With the increased frequency of use, the toxicity of disinfectants matters more than ever before. Facilities are trying to keep everyone safe from germs, but in doing so, they are also using potentially hazardous chemicals. It creates a paradoxical process that can cancel out any good intentions to keep people protected. Don’t assume that because your school or business is using an “EPA-approved” disinfectant, that it is safe for use every day, all day. Many of the “approved” disinfectants are actually extremely toxic.
To be clear, please don’t misconstrue “EPA-approved” as the EPA endorsing a product or service. The EPA (or any government agency) does NOT endorse products. Rather, EPA approval means that a product has been approved for use… in a regulated manner. Regulated manner means chemicals must have proper usage, storage, and disposal directions for the hazardous chemicals being used. That is why there are agencies like OSHA to monitor workplace safety and ensure proper processes. Considering this, there ARE better alternatives out there and it’s important to understand how to find them. We are here today to help you decipher for yourself.
What is an SDS and What Can be Found in it?
Every school and business is required by OSHA to provide information about chemicals that are used on site and any potential hazards they may contain. Every chemical that is used should have a Safety Data Sheet (SDS) which provides details of what the chemical actually is. SDSs are normally several pages in length and highlight critical information about the chemicals such as: Hazard Information, Chemical Ingredients, First Aid Measures, and Firefighting Methods. Along with several other sections, SDSs will inform you about all of the potential risks that may be involved with using the product. You can typically find SDSs online: just type in the product name with “SDS” after it and do some digging. You can also search the product manufacturer’s website.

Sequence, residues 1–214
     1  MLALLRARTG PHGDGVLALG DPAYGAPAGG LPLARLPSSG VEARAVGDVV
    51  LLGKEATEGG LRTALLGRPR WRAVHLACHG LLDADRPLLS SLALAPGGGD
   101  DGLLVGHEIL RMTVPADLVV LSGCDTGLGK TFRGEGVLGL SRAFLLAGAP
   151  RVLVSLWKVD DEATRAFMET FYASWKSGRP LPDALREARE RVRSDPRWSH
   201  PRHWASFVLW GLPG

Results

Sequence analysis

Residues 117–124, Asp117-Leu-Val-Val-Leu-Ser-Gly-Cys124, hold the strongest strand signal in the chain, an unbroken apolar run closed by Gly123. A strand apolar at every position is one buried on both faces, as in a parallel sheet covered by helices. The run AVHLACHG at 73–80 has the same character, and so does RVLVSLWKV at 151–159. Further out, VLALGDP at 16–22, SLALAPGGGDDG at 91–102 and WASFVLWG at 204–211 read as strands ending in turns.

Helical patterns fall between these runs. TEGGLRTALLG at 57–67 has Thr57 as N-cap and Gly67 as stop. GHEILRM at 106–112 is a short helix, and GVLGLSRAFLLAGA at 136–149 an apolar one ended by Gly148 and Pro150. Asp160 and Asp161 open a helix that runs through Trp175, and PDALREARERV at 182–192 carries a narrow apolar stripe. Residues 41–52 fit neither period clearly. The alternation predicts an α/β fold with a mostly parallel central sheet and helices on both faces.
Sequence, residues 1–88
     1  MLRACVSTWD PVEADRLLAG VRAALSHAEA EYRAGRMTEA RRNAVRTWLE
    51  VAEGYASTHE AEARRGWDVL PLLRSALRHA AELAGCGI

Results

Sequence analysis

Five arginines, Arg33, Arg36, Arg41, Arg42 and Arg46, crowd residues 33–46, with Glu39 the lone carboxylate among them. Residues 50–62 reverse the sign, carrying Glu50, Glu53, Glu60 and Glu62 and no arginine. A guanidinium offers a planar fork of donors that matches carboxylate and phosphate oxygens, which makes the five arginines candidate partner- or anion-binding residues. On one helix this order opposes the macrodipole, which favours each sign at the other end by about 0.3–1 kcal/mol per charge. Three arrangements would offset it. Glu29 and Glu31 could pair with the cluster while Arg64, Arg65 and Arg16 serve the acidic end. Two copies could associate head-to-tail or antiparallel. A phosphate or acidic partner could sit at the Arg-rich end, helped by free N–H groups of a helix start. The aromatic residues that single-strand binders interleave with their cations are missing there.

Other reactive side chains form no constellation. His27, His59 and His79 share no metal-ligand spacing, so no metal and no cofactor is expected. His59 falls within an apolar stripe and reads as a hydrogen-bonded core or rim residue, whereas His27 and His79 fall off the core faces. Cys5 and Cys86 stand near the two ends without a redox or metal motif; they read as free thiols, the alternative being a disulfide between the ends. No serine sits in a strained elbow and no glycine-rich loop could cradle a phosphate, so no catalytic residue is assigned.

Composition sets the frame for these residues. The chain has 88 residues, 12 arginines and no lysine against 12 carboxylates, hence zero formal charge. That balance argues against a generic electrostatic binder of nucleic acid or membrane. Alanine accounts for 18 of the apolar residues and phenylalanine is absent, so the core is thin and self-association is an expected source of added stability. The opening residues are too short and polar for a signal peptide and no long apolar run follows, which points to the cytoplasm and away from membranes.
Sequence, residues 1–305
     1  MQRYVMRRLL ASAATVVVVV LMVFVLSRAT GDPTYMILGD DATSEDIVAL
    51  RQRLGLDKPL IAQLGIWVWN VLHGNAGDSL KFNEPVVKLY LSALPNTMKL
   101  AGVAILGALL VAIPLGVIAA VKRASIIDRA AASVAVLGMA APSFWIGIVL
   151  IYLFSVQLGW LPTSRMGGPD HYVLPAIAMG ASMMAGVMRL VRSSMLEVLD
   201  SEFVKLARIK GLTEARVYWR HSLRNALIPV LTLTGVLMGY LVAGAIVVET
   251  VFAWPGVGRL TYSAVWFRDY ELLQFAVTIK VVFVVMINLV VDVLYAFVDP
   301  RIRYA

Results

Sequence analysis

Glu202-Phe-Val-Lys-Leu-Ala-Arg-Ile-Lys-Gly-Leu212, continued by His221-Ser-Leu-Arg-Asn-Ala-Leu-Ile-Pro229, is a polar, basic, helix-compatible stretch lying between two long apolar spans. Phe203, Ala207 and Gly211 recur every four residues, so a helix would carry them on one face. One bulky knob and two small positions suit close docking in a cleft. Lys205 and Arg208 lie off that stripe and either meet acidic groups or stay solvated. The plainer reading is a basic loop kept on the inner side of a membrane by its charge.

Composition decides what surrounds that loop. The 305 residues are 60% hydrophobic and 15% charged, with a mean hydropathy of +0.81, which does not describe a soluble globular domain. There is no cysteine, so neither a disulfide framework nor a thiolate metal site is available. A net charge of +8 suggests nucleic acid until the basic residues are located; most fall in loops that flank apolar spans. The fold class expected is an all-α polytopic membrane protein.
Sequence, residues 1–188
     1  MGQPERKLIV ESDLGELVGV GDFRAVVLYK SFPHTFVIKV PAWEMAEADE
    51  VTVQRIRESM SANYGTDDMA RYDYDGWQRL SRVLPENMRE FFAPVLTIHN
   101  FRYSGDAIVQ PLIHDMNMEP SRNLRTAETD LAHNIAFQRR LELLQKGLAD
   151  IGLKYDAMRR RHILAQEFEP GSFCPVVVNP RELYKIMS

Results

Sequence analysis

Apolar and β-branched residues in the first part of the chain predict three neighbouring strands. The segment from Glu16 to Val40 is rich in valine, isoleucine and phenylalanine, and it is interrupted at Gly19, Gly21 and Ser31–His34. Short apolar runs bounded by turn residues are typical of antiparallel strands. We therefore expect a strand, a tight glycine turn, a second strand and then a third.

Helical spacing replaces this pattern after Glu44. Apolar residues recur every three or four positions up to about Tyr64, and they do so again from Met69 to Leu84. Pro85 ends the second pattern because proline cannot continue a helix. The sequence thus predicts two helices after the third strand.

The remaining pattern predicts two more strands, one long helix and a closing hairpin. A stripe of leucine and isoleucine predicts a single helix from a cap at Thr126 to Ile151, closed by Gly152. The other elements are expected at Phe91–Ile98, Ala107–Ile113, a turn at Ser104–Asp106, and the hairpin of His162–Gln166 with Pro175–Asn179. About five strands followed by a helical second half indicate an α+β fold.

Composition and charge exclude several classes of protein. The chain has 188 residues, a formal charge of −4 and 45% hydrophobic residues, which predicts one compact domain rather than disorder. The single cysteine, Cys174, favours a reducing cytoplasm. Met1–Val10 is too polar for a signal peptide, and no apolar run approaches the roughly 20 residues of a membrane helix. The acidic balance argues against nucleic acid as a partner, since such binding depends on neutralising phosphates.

What is HMIS and Why is It So Important?
According to OSHA, “Hazard Statements describe the nature of the hazard(s) of a chemical, including, where appropriate, the degree of hazard.” Every product is evaluated by Occupational Safety and Health Administration (OSHA) and is given a detailed review of the risks and the product, which corresponds to a rating as shown above. For NFPA and HMIS ratings on the SDS, chemicals with 0’s in every category are available in the marketplace and are minimally hazardous. For GHS scores of 5 in each category also show minimal hazard ratings.
It is time that we do better for our children, employees and customers. Find out what your school or business is using – call/email and ask if you have to. Look up the SDS. Compare it to hypochlorous (http://annihilare.com/wp-content/uploads/2020/07/SDS-Annihilyte.pdf). Demand a better alternative.
More next week on how to properly use our products and a simple explanation of cleaning versus disinfecting and why they are both important.
“EPA Label Review Manual”, II. General claims. Ch. 12, Labeling Claims, 12-1.https://www.epa.gov/sites/production/files/2017-10/documents/chap-12-nov-2013.pdf
“Hazard Communication Standard: Safety Data Sheets.” OSHA, https://www.osha.gov/sites/default/files/publications/OSHA3514.pdf
“Hazard Communication Standard: Labels and Pictograms.” OSHA, www.osha.gov/Publications/OSHA3636.pdf
“NFPA OSHA Label Comparison Quickcard.” OSHA, https://www.osha.gov/sites/default/files/publications/OSHA3678.pdf
“OSHA Quickcard.” OSHA, https://www.osha.gov/sites/default/files/publications/OSHA3493QuickCardSafetyDataSheet.pdf